64 DELL POWER SOLUTIONS | 2010 Issue 1

Reprinted from Dell Power Solutions, 2010 Issue 1. Copyright 2010 Dell Inc. All rights reserved.

Simplify IT with Intel Ethernet 10 Gigabit Server Adapters


The top 10 reasons to migrate to Intel 10 Gigabit Server Adapters
1. PERFORMANCE. Maximize your server usage and get the most out of the latest multi-core processors all without losing I/O performance. 2. SIMPLICITY. Reduce the complexity of your infrastructure by replacing multiple ports with a single 10 Gigabit port. 3. COMPATIBILITY. Enjoy full compatibility with iSCSI initiators on Windows*, Linux* and VMware ESX* operating systems. 4. BANDWIDTH. Give your I/O-hungry virtualized applications the additional bandwidth they need. 5. EFFICIENCY. Increase CPU utilization and help eliminate bottlenecks with the built-in virtualization performance of Virtual Machine Device Queues (VMDq) technology. 6. EASE OF USE. Easily connect your servers to your storage devices with iSCSI Remote Boot, which ships standard. 7. COMFORT. Enjoy peace of mind with industry-standard Ethernet. 8. CHOICE. Select among SFP+, CX4, 10GBase-T and SR Fiber interconnects. 9. INTEROPERABILITY. Take advantage of the proven interoperability of Intel architecture in Dell PowerEdge* servers and network adapters. 10. EXPERIENCE. Benefit from Intels unmatched Ethernet experience, including more than 25 years delivering network silicon and adapters.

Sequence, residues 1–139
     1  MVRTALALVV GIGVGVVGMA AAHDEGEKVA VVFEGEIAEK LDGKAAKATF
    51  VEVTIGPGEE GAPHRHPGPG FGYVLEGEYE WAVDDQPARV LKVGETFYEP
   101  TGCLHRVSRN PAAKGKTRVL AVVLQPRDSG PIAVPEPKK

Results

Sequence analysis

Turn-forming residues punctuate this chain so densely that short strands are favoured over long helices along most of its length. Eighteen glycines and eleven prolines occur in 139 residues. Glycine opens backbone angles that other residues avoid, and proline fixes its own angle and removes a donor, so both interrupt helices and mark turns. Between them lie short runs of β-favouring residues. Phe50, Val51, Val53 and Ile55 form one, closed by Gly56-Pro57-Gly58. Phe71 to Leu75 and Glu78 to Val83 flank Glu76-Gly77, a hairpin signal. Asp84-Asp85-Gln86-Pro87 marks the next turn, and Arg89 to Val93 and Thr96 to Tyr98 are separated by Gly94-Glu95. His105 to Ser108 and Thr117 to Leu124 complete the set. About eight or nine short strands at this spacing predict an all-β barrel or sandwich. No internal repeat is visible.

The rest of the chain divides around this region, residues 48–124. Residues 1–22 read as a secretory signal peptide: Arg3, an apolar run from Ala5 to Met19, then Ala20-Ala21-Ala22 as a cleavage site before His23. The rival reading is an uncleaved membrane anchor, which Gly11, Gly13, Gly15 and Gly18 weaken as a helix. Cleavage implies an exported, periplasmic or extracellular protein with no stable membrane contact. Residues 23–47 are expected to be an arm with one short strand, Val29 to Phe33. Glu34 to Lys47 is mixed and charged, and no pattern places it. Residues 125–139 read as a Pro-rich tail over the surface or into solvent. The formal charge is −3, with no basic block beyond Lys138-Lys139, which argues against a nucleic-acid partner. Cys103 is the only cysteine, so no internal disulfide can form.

The Intel Dell Difference


Intel Ethernet 10 Gigabit Server Adapters offer an unbeatable combination of performance and reliability from two of the worlds most powerful companies. Proven performance on Dell PowerEdge* servers Combined 50+ years of experience World-class technical support Broad OS validation Multi-ports for scaling virtualized environments
Are You Ready to Simplify? For more information about how Intel 10 Gigabit Server Adapters can simplify your IT and increase your networking performance, visit www.IntelEthernet-Dell.com
Note: Not all Dell servers are compatible with all adapters. Please check with your Dell sales representative for more information.

2009, Intel Corporation. All rights reserved. Intel and the Intel logo are trademarks or registered trademarks of Intel Corporation or its subsidiaries in the United States and other countries. *Other names and brands may be claimed as the property of others.